Bannavem Taburniae

AttestedBanavem Taberniae  in St. Patrick's ConfessioBannavem and Taburniae in some mss.

Where:  Possibly near the Roman fort of Old Kilpatrick near Dumbarton at the western end of the Antonine Wall, or else in south Wales.

Name origin:  The surviving text of Patricius about his origins “Patrem habui Calpornum diaconum filium quendam Potiti presbyteri qui fuit vico Banavem Taberniae” has been much discussed, notably by MacNeill (1924) and Wheeler (1935), with a view to emendation.  See here about Bann-, including a possible meaning of ‘artisan’.  Vicus was an administrative term that meant a Romanised local area, not an extramural settlement, which is a modern usage.  Taberna meant ‘hut, workshop’.

NotesWatson (1926: 246) explained that “Fiacc's hymn to Patrick, composed about 800, begins with the statement ‘Patrick was born at Nemthur’ and a gloss adds that this is a city in north Britain ... ‘Ail Cluade’ that is Dumbarton; another spelling is Nemptor.”  Watson  argued that that  led to names Neved or Nemhedh,  then*Nemetoduron, then Ros-neimidh, now Rosneath.  Koch (2003) accepted Bannaventa as the name form and discussed evidence that Patrick was born in the AD 300s and possibly became a rich Roman-Christian official in Trier before he evangelised Ireland.  Since it is hard to imagine Strathclyde being strongly Roman-Christian two centuries after the Roman army withdrew from the Antonine Wall, maybe  MacNeill's suggested birthplace in south Wales around Bannium (?), Venta Silurum (Caerwent), and Burrium (Usk) should be taken seriously.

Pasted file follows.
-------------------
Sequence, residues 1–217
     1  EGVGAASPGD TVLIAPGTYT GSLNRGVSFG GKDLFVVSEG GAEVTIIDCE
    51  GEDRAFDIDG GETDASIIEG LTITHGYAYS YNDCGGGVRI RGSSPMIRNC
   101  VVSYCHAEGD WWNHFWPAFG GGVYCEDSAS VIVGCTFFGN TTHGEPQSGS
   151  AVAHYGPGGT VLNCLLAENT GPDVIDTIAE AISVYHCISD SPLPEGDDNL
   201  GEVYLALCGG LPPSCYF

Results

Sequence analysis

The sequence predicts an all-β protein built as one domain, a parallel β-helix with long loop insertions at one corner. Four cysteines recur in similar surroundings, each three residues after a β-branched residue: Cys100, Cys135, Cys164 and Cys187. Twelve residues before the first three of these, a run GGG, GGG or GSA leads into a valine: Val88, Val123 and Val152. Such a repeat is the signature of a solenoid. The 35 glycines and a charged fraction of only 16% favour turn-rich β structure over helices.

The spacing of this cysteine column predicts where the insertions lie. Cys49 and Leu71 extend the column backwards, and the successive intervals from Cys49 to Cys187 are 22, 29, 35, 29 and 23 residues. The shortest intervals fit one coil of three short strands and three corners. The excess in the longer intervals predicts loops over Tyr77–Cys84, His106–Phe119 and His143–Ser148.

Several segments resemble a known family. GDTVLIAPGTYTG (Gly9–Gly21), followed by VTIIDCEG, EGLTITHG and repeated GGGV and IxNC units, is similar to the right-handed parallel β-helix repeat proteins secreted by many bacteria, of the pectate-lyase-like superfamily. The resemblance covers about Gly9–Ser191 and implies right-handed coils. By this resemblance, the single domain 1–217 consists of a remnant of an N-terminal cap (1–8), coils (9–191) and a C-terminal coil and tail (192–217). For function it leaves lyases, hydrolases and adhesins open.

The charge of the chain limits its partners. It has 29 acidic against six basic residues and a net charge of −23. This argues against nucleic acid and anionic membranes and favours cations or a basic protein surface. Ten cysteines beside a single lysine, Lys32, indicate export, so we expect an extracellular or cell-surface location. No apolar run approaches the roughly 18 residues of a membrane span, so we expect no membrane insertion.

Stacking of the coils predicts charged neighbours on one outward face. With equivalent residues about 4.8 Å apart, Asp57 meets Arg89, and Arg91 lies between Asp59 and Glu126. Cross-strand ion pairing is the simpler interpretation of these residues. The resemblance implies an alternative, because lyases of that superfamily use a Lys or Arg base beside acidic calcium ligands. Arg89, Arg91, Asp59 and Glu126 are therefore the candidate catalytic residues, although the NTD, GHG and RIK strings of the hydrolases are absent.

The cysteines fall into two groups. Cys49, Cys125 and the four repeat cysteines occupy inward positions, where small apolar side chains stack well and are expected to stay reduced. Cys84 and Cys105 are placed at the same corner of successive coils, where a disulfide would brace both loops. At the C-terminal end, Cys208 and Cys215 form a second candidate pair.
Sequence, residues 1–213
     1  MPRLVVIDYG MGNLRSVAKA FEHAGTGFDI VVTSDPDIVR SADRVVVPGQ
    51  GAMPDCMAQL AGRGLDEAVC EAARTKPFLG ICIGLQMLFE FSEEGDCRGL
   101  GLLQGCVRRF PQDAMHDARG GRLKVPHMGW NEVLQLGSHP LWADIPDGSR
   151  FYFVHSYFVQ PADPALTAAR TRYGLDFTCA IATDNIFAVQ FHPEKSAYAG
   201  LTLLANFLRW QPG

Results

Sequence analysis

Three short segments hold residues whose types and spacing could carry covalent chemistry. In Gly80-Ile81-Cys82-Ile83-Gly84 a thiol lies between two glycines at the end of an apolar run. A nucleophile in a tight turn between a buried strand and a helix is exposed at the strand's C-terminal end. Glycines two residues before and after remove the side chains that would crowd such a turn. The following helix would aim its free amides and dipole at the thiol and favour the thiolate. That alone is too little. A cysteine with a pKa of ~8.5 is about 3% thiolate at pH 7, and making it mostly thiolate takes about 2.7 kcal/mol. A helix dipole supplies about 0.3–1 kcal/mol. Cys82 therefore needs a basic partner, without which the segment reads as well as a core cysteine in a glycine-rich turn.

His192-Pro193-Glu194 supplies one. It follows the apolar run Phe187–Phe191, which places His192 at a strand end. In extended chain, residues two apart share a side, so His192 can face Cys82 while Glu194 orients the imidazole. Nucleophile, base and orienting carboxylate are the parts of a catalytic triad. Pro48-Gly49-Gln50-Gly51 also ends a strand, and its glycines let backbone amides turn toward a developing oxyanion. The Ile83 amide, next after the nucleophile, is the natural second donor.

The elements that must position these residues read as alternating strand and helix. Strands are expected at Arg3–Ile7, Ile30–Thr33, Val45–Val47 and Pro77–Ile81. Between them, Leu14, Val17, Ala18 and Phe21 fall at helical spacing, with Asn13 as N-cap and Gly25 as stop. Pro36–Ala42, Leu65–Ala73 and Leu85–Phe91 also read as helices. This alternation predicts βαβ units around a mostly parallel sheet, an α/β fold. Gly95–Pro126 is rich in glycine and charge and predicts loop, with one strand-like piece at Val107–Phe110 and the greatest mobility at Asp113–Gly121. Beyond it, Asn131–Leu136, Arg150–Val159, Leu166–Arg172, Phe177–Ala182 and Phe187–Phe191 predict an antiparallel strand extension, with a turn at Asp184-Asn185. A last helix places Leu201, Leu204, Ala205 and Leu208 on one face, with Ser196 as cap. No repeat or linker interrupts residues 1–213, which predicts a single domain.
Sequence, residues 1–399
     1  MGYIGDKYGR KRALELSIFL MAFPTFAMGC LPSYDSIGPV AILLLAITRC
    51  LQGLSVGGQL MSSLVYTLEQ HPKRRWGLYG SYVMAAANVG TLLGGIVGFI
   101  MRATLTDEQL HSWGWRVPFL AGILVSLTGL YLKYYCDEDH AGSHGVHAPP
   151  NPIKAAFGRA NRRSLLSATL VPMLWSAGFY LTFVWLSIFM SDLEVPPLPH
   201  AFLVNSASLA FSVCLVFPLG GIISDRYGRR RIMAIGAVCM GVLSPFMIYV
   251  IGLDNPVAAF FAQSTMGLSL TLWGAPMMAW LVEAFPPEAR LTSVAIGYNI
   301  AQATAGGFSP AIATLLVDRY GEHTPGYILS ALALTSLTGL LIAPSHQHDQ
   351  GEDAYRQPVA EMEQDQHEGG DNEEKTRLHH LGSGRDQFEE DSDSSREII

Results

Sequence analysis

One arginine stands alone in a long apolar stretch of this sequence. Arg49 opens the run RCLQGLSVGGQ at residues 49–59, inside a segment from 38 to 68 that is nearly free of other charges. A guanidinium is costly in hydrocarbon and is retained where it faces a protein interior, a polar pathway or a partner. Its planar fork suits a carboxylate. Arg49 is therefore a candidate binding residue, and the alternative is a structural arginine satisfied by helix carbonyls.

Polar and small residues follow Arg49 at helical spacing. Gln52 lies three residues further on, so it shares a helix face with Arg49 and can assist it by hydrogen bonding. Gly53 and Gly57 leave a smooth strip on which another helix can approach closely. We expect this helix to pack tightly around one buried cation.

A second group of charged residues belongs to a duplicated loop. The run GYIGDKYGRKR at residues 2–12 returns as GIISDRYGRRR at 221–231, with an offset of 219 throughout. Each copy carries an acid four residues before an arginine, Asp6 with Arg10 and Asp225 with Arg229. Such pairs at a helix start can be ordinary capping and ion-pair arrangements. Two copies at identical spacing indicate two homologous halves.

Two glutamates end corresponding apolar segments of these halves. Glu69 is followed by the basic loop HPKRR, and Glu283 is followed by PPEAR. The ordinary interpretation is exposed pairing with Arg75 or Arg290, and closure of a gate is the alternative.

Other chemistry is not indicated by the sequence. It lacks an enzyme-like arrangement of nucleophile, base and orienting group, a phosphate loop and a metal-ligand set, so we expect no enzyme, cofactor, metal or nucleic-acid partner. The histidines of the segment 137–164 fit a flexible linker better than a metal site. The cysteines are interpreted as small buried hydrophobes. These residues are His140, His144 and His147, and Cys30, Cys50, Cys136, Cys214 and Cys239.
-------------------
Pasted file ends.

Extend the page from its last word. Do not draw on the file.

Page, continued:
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Last Edited: 19 July 2016